Developing guidelines with global scope is challenging, whether the topic is of clinical or public health nature. This may be particularly true for public health guidelines to be adopted by different countries or by different jurisdictions within a country. Indeed, the importance of the problem (and consequently the size of the effects), and the implications of an intervention (in terms of the availability of resources, costs, cost-effectiveness, acceptability, and feasibility) often vary substantially across settings.
In order to address this challenge, the survey of values and preferences recruited participants globally. We prioritized evidence of effectiveness and of incidence of outcomes from low- and middle-income countries when available. Also, the panelists were asked to prioritize perspective of low- and middle-income countries when making judgments about values and preferences, feasibility and resource use.
We identified and addressed a number of challenges during the development of WHO guidelines for the prevention and treatment of HIV and other STIs among MSM and transgender people in the health sector in low- and middle-income countries. While some of these challenges might be particularly relevant to public health guidelines (e.g., nature of the interventions, addressing social and legal barriers) others are common to most guidelines (e.g., adequacy of the evidence, indirectness of the evidence, wording of the recommendations). Consequently, the learning experience from this guideline may benefit other fields.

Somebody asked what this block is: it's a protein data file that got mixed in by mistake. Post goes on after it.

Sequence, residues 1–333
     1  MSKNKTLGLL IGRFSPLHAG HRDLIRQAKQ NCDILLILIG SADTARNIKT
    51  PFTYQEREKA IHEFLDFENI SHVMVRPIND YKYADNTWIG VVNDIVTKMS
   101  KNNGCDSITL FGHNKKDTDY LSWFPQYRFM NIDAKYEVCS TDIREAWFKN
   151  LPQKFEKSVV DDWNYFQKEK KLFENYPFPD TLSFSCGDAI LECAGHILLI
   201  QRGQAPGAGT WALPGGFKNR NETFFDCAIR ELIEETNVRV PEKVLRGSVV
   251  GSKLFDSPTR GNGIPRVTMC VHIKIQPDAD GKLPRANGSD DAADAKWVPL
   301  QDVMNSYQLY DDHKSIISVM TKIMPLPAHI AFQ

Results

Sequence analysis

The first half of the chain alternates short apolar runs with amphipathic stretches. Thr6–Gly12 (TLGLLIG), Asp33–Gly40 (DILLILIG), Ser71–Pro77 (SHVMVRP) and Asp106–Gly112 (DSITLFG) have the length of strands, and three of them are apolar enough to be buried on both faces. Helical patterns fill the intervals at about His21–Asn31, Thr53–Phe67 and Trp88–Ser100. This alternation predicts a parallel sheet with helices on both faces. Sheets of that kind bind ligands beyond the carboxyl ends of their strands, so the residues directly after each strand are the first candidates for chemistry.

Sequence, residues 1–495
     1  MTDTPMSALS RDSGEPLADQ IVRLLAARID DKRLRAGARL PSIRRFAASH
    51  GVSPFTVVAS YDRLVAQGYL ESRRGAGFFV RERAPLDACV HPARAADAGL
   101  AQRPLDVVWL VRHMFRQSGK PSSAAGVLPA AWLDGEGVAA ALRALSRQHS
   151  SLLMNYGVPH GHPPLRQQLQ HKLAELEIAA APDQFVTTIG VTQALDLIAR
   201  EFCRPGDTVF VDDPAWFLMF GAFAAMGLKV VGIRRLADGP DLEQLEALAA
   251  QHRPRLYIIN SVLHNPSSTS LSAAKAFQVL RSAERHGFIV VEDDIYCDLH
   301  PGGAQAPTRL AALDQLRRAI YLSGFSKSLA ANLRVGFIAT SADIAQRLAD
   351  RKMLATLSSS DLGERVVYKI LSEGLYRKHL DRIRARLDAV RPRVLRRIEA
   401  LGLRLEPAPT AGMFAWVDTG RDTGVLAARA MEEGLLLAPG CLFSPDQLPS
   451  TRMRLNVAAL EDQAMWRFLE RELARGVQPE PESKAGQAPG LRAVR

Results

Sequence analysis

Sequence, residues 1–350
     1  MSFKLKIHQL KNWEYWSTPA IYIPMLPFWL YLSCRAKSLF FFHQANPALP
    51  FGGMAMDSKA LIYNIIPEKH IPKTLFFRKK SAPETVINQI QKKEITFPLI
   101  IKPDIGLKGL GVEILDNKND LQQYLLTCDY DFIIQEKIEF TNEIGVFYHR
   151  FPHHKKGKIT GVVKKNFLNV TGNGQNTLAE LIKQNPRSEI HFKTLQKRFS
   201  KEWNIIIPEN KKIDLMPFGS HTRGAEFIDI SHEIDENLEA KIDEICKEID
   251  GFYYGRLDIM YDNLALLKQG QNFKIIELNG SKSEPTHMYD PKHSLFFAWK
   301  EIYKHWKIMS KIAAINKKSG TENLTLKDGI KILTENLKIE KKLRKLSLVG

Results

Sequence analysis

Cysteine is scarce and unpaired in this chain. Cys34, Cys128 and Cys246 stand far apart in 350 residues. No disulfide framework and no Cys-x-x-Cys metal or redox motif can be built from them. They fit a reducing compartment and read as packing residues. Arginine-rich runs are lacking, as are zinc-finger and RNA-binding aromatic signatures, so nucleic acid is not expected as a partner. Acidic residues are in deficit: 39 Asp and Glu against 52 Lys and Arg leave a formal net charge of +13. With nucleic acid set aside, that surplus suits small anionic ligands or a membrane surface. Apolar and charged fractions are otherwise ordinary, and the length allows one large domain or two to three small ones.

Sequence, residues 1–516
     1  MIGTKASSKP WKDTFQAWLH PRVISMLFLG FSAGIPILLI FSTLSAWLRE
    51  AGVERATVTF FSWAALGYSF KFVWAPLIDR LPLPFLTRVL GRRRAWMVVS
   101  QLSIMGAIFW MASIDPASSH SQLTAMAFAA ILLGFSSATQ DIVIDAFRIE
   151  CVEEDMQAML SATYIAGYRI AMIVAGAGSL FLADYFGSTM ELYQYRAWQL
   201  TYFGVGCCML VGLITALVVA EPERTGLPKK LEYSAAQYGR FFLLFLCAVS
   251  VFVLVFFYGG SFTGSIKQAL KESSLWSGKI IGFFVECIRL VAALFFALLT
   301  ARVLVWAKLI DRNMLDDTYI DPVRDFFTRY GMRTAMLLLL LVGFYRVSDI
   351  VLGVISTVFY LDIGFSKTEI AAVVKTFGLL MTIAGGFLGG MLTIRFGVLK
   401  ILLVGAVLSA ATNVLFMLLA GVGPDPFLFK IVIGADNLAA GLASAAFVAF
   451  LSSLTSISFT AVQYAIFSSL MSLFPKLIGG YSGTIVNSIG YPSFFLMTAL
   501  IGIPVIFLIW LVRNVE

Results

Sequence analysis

We were able to address most of these challenges (e.g., indirectness of the evidence, values and preferences) through using the principles of the GRADE approach. The use of good practice recommendations and outcome frameworks proved to be particularly useful. Successfully overcoming some of the other challenges (e.g., scarcity of evidence) requires further research in the field. Some other challenges require further methodological advancement (e.g., dealing with complex and combined interventions). The GRADE working group has been committed to and engaged in this process.
By requiring guideline developers to be systematic, explicit, and transparent in the assessment of the quality of evidence, and in determining the strength of recommendations, GRADE uncovers challenges such as those discussed in this paper. Indeed, these challenges relate to the quality of available evidence and to the complexity of guideline development process. The GRADE framework continues to evolve to address some of the issues specific to the field of public health.
One perceived limitation of the GRADE approach is its involved handling of the evidence. However, the involvement of a GRADE methodologist and the incremental learning by the members of the core working group have played a positive role. Also, using evidence profiles and decision tables to summarize the information should facilitate this process.